Rosario has a land area of only 569 hectares, as based on previous data recorded. At present, the municipality has not yet conducted any cadastral survey of its juridical land territory. A total of twenty (20) barangays make up this lowland coastal town.

Barangays[edit]

Rosario is politically subdivided into 20 barangays.[2]

  • Bagbag I
  • Bagbag II
  • Kanluran
  • Ligtong I
  • Ligtong II
  • Ligtong III
  • Ligtong IV
  • Muzon I
  • Muzon II
  • Poblacion
  • Sapa I
  • Sapa II
  • Sapa III
  • Sapa IV
  • Silangan I
  • Silangan II
  • Tejeros Convention
  • Wawa I
  • Wawa II
  • Wawa III

Barangay Heads[edit]

  • Rodrigo Balbin
  • Dennis Amot
  • Jomer Bumatayo
  • Abner Ricasa
  • Leonardo Ibiaz, Jr.
  • Ronald Victor
  • Jonathan Crisostomo
  • Conrad Abutin
  • Hener Vargas
  • Dinah Oquialda
  • Edwin Atangan
  • Edgardo Cupino
  • Nilda Nivera
  • Frederick Torres
  • Mark Jay Velarde
  • Crisanto Nazareno
  • Jomel Pulido
  • Randy Legaspi

Demographics[edit]

Population census of Rosario
YearPop.±% p.a.
1903 6,601—    
1918 7,117+0.50%
1939 9,894+1.58%
1948 11,894+2.07%
1960 16,227+2.62%
1970 23,817+3.91%
1975 28,725+3.83%
1980 33,312+3.01%
1990 45,405+3.15%
1995 54,086+3.33%
2000 73,665+6.85%
2007 94,228+3.45%
2010 92,253−0.77%
2015 110,706+3.53%
Source: Philippine Statistics Authority[3][5][6][7]

In the 2015 census, the population of Rosario, Cavite, was 110,706 people,[3] with a density of 2,900 inhabitants per square kilometre or 7,500 inhabitants per square mile.

Rosario’s potential labor force comprises 59.25% of the figure given above, with the majority engaged in fishing and trade activities. The growth rate is 3.63%.

Religion[edit]

Roman Catholic is the prominent religion of Rosario. There are two Catholic churches. One is in Poblacion, the Church of The Most Holy Rosary Parish, and another one in Ligtong, The Church of San Isidro Labrador. Recently, Islam was introduced by the Maranao business people from Mindanao.The other religions in Rosario includes Iglesia ni Cristo and Born Again Christians.

Economy[edit]

SM City Rosario, the 4th SM mall in Cavite.

Fishing is a major economic activity due to the abundant fishing grounds particularly in Barangays Wawa, Sapa Muzon and Ligtong. The Rosario Fish Port in Barangay Sapa is a major fishing port. Predominant cottage industries related to fishing include smoked fish (tinapa) processing, fish drying (daing), fish paste (bagoong) making, fish sauce (patis) making and canning. Marine species caught within municipal fishing grounds include squid, mackerel, slipmouth, herring, goatfish, tuna, mullet, porgy, shrimp, barracuda, cavalla, snapper, catfish and roundscad.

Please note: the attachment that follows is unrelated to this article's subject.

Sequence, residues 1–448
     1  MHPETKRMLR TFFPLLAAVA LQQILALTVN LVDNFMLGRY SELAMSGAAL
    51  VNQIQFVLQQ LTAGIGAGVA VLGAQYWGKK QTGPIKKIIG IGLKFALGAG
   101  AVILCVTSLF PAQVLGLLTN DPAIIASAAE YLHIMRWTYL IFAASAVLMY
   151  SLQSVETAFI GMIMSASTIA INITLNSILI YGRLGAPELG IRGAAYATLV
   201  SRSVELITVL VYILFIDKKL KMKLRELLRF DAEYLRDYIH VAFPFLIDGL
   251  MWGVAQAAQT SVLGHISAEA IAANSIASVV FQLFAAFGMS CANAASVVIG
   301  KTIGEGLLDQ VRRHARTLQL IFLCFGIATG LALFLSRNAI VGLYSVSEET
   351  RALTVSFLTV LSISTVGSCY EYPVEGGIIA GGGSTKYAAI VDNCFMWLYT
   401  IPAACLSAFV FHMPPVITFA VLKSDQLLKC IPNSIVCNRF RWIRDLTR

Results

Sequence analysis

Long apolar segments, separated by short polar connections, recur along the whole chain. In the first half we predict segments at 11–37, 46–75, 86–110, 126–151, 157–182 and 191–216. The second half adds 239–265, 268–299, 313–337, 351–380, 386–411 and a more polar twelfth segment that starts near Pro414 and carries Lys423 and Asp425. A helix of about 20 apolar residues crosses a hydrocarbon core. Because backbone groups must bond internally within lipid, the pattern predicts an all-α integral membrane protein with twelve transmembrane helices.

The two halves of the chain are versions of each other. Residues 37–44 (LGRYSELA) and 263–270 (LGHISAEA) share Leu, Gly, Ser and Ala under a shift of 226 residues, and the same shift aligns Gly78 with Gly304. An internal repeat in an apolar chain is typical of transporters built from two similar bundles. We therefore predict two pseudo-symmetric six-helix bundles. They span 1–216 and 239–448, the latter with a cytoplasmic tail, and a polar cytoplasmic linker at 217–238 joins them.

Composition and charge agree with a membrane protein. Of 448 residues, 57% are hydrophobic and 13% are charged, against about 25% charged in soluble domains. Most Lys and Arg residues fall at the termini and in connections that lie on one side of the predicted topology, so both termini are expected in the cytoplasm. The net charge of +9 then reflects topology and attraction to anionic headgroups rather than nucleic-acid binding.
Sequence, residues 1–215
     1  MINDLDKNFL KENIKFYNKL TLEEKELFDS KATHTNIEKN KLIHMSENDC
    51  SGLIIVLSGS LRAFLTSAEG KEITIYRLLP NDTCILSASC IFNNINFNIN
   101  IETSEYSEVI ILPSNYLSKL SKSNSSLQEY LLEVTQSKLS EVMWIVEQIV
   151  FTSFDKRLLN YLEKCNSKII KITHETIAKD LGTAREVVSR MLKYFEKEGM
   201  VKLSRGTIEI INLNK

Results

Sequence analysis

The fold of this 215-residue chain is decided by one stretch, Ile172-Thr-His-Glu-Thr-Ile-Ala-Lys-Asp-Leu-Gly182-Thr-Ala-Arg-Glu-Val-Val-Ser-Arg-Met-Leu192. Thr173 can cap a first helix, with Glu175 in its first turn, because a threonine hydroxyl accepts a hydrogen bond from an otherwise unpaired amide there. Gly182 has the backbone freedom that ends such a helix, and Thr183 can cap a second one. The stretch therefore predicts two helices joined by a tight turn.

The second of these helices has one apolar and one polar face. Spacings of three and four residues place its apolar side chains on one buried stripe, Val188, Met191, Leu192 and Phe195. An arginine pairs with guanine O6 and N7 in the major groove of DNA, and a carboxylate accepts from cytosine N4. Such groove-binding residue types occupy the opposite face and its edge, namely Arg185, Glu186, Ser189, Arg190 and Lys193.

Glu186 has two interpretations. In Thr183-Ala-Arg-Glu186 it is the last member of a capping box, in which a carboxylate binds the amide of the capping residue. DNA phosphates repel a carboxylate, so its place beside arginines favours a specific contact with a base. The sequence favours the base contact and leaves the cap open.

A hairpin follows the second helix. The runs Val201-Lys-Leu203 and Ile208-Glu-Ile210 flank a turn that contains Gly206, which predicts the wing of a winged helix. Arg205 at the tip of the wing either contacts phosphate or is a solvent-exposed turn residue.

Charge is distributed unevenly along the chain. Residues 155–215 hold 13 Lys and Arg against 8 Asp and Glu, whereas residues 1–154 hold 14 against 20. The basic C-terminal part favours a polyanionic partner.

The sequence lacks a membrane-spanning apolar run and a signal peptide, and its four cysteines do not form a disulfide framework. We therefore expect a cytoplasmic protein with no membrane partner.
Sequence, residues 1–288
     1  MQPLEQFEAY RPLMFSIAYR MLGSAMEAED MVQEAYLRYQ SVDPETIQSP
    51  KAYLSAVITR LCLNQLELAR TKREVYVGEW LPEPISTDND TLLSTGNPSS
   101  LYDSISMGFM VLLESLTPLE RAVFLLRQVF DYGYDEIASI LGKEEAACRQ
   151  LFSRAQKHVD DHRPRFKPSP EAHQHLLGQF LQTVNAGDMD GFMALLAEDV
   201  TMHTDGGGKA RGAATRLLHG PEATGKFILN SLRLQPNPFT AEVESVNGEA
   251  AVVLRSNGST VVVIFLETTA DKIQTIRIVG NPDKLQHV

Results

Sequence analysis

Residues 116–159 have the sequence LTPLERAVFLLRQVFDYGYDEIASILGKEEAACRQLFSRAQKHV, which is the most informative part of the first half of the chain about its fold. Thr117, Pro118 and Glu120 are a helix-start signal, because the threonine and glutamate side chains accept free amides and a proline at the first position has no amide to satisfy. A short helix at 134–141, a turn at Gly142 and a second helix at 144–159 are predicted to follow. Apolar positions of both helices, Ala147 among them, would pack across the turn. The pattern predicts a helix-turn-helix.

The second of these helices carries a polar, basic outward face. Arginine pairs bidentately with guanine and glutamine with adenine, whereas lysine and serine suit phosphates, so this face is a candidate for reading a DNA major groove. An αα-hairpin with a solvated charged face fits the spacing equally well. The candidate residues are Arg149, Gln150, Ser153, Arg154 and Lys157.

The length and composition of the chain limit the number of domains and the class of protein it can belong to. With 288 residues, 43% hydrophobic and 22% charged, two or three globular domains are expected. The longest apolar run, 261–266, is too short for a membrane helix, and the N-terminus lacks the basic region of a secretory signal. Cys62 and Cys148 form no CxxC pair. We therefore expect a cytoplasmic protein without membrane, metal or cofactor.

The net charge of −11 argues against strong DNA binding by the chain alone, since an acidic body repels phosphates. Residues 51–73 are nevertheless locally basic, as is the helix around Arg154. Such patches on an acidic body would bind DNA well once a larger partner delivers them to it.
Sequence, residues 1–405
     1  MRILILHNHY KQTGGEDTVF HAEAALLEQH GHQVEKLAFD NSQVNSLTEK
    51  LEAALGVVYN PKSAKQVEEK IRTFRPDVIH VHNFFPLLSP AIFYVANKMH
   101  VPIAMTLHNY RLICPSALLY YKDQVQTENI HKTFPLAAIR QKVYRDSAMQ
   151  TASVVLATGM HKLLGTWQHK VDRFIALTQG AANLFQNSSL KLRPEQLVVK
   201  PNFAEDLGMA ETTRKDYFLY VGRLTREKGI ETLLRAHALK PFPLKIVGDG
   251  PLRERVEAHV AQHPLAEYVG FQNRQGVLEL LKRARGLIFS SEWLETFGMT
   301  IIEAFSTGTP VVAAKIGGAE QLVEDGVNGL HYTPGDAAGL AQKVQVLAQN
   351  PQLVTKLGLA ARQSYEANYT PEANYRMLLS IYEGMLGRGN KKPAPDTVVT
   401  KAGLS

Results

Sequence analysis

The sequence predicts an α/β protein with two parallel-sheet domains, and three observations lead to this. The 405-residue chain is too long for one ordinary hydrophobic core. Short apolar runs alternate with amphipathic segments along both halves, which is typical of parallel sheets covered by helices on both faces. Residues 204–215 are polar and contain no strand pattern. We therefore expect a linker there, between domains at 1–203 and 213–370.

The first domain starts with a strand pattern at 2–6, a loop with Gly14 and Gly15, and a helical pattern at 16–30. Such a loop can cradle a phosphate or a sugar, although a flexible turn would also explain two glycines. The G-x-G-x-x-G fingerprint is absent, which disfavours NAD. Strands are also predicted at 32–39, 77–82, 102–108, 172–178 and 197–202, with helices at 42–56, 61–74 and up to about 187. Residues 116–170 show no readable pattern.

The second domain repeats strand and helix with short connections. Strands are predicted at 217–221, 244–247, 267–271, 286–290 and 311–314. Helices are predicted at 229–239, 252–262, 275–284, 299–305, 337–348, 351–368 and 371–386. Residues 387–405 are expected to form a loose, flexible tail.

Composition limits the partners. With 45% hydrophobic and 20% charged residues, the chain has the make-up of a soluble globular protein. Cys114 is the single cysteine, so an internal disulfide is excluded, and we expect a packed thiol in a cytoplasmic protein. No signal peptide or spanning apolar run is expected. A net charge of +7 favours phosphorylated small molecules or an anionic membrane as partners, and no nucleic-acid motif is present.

The Fil-Oil Development and Management Corporation (FMDC) has begun developing 134 hectares (330 acres) of the Philippine National Oil Corporation property into a special economic zone, the Cavite Economic Zone, that will include an industrial estate, low-cost housing, and a new port facility. A proposed reclamation will increase the land area of Barangay Sapa II and III by 200 hectares (490 acres).

On November 20, 2009, SM Prime Holdings, the largest mall-operator in the country, opened its 36th mall: SM City Rosario.

List of former Municipal Heads[edit]

Education[edit]

Primary schools:

  • Rosario Elementary School
  • Agustin Abadilla Elementary School
  • David P. Jimenez Elementary School
  • Mayor Calixto D. Enriquez Elementary School( Ligtong Elem School )
  • Silangan Elementary School
  • Bagbag I Elementary School-Main (Greenfields Subd.)
  • Bagbag II Elementary School-Annex (Sunrise Subd.)
  • Tejeros Convention Elementary School
  • Bible Christian Academy (Cuevas Subd.)
  • Cognoscere Academy ( Abueg St. Bgy Poblacion )
  • Santo Rosario Catholic School (Most Holy Rosary Parish Compound)

Secondary schools:

  • Bagbag National High School
  • Cafuir Learning Center
  • Cavite State University - Science Education Laboratory School
  • Rosario Institute
  • Rosario National High School
  • Escuela Secondaria Señor de Salinas
  • STI High School - Rosario
  • Bible Christian Academy (Cuevas Sub
  • Galilee Academy(Manggahan Compound)
  • Santo Rosario Catholic School (Most Holy Rosary Parish Compound)

Tertiary schools:

Images[edit]

Fish port

See also[edit]

References[edit]

  1. ^ "Municipality". Quezon City, Philippines: Department of the Interior and Local Government. Retrieved 31 May 2013. 
  2. ^ a b "Province: Cavite". PSGC Interactive. Quezon City, Philippines: Philippine Statistics Authority. Retrieved 12 November 2016. 
  3. ^ a b c d Census of Population (2015). "Region IV-A (Calabarzon)". Total Population by Province, City, Municipality and Barangay. PSA. Retrieved 20 June 2016. 
  4. ^ a b c Province of Cavite Website - Rosario
  5. ^ Census of Population and Housing (2010). "Region IV-A (Calabarzon)". Total Population by Province, City, Municipality and Barangay. NSO. Retrieved 29 June 2016. 
  6. ^ Censuses of Population (1903–2007). "Region IV-A (Calabarzon)". Table 1. Population Enumerated in Various Censuses by Province/Highly Urbanized City: 1903 to 2007. NSO. 
  7. ^ "Province of Cavite". Municipality Population Data. Local Water Utilities Administration Research Division. Retrieved 17 December 2016. 

External links[edit]